"Looking for Jackie" is a cameo-packed swing through the mainland's industry.
Part Jackie Chan promo, part China studio tour, “Looking for Jackie” is a cameo-packed swing through the mainland’s industry via the slapdash plot of a teen martial-arts student trying to track down the superstar in Beijing. With Chan himself fronting at beginning and end with some of his old buddies, and a host of local names in the middle of the sandwich, the pic looks set for plenty of hype on its July 7 release in China. Offshore, this amiable family pic is vid fodder beyond a few select Asian markets.
Zhang Yishan (Zhang Yishan), a 15-year-old Beijinger studying at a wushu school in Indonesia, must return home to visit his grandparents, which he uses as an excuse to find his idol and enroll as his disciple. After a wasted trip to a remote Daoist monastery, he’s kidnapped back in Beijing by two crooks (Yan Bingyan, Wu Jun) who oversee a group of young pickpockets.
Rescued by a hard-ass distaff cop (Jiang Hongbao, excellent), Zhang misses Chan again at a charity event and then tries to track him down at a couple of film studios. When all seems lost, his grandma (Zhu Xijuan) has a smart idea.
Chan’s role is largely to pop up at crucial moments and dispense homilies about education and moral integrity. Most of the fun is had by the droves of guest stars, especially actress Yu Nan (“Tuya’s Marriage”) as a movie director, helmer Zhang Yibai (“Spring Subway”) as her gruff a.d., and a host of Yuens from the Hong Kong martial-arts scene (including “Kung Fu Hustle”s” Yuen Chau as a Daoist abbess).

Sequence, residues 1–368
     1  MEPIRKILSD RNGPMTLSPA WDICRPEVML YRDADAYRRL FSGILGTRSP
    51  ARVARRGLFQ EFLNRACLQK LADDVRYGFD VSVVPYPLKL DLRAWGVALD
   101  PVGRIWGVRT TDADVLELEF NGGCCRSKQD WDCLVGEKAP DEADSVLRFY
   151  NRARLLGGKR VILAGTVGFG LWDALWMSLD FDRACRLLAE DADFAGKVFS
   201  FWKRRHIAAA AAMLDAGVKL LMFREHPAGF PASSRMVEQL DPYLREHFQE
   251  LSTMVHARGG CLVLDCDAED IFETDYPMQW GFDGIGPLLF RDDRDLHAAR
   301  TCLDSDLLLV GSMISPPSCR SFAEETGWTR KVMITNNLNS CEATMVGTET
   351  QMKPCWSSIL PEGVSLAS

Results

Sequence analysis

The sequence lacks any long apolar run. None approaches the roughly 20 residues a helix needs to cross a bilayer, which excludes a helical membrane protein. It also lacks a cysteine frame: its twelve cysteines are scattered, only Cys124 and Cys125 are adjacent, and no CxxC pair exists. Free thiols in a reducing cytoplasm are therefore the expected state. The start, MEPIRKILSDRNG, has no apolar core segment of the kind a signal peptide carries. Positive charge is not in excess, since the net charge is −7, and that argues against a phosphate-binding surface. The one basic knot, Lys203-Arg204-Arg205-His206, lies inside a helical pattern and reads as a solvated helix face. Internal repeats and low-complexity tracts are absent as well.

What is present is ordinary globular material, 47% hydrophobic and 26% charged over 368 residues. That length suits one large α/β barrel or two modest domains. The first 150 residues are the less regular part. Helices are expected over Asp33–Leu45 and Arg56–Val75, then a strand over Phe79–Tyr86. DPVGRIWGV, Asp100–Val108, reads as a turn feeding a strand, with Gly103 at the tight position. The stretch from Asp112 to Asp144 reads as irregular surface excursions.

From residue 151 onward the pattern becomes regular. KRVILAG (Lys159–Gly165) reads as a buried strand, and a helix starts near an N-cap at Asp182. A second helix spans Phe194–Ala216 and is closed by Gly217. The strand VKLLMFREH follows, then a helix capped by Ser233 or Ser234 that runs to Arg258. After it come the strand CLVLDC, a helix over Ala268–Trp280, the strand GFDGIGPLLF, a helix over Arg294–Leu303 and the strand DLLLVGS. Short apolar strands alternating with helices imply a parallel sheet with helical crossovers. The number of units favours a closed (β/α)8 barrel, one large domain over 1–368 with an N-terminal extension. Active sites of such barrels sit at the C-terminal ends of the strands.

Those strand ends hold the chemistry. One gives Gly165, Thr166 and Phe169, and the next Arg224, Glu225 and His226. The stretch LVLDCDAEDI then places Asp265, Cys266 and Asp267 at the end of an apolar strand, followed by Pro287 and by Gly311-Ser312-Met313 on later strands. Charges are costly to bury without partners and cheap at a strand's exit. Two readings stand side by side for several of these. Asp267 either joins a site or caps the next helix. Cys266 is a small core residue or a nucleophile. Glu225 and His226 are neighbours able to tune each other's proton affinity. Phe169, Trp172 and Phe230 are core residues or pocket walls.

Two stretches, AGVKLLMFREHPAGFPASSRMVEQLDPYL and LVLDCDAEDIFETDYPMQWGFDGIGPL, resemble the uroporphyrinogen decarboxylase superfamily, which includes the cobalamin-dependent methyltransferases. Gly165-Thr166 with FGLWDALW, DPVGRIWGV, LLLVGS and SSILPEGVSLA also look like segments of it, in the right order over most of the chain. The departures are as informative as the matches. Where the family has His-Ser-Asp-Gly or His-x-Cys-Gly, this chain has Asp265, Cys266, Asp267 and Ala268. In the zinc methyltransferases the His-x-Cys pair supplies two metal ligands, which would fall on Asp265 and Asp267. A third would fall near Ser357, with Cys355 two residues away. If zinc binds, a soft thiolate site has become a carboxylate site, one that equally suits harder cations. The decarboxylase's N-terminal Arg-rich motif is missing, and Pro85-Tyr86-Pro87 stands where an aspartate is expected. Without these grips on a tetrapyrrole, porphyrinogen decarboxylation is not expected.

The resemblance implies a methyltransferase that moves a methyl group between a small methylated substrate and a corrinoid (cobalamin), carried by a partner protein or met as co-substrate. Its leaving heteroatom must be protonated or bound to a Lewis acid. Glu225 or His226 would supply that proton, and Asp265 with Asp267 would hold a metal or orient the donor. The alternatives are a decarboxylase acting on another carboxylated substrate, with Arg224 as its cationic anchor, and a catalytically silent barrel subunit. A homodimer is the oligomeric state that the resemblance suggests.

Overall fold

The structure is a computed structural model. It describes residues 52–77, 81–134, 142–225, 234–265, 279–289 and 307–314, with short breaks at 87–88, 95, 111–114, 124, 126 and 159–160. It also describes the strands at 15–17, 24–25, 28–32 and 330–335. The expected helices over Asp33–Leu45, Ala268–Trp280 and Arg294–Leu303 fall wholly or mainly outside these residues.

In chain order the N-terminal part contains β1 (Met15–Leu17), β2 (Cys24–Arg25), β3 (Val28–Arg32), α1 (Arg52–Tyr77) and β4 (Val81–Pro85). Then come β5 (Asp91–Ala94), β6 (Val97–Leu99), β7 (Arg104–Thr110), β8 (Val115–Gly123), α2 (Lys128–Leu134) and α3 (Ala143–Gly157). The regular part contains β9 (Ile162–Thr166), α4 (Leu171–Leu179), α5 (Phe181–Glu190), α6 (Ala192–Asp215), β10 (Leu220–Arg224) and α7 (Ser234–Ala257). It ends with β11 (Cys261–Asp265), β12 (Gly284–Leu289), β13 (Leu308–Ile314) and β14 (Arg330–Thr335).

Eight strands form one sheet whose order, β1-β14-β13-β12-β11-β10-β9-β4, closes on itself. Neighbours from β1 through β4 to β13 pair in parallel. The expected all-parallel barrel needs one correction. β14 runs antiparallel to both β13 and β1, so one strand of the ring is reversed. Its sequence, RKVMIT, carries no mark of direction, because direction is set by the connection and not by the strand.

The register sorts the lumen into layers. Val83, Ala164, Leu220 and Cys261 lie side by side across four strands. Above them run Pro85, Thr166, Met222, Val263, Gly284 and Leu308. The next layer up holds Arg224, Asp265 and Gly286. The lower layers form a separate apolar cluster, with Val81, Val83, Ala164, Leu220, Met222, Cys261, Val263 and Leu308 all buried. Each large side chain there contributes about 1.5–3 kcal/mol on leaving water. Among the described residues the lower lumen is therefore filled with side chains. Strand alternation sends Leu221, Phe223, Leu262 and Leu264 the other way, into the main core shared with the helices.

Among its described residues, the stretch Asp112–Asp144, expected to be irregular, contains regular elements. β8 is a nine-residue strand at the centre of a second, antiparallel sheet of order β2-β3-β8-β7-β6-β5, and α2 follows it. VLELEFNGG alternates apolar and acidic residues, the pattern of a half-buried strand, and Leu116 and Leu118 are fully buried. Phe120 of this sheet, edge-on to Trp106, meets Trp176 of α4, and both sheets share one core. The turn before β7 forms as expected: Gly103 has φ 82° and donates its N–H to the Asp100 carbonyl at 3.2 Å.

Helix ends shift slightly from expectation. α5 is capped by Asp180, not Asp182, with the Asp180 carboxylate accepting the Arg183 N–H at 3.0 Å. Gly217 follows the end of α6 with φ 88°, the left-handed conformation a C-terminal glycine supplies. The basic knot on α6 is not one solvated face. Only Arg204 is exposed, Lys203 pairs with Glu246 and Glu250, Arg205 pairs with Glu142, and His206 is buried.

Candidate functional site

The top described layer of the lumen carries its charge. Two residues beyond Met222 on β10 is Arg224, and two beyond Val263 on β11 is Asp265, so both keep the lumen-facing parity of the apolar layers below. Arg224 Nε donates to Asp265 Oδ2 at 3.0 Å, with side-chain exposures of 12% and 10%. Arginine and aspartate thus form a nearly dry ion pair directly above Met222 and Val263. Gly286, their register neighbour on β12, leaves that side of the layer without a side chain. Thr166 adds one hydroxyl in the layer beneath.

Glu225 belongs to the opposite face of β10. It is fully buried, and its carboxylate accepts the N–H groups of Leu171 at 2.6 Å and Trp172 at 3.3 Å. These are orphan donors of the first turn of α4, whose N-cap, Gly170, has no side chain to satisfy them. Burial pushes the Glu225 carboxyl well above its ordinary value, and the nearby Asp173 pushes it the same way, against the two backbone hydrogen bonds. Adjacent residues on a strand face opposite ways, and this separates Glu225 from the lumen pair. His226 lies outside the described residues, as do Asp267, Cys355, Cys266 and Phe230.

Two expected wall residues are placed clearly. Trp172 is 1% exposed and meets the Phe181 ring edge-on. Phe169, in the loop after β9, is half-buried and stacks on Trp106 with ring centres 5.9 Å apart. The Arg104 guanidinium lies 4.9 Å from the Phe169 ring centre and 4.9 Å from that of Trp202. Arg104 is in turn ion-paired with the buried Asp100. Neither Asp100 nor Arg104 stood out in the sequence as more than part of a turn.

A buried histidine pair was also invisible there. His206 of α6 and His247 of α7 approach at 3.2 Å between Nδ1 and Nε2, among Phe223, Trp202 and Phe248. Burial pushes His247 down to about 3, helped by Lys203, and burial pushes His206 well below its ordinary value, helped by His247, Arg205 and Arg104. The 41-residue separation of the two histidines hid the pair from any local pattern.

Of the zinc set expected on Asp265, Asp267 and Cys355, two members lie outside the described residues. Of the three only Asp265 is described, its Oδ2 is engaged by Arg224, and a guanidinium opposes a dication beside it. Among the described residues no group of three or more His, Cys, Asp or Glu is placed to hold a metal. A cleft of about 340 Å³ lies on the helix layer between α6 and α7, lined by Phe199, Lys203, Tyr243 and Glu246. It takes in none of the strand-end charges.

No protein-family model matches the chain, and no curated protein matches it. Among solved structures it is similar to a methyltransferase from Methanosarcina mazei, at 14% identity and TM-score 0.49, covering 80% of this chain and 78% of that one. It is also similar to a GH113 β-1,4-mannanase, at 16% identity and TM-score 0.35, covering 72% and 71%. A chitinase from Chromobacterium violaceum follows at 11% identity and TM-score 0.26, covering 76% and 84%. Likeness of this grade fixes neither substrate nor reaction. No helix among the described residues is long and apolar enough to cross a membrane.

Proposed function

Helmers Jiang Ping (“Touched by Love”) and Fang Gangliang (“The Story of Xiaoyan”) have worked on family movies before, and direct with a light touch that makes the pic a painless ride even for auds who won’t spot the cameos. Zhang himself, looking like a young Xia Yu, has a gee-whiz charm as the pre-high schooler, though actress Yan, so good in “Teeth of Love,” is wasted in a soppy role as a lovelorn kidnapper. Frequent action sequences are staged with a Hong Kong-like brio, and running time is admirably short.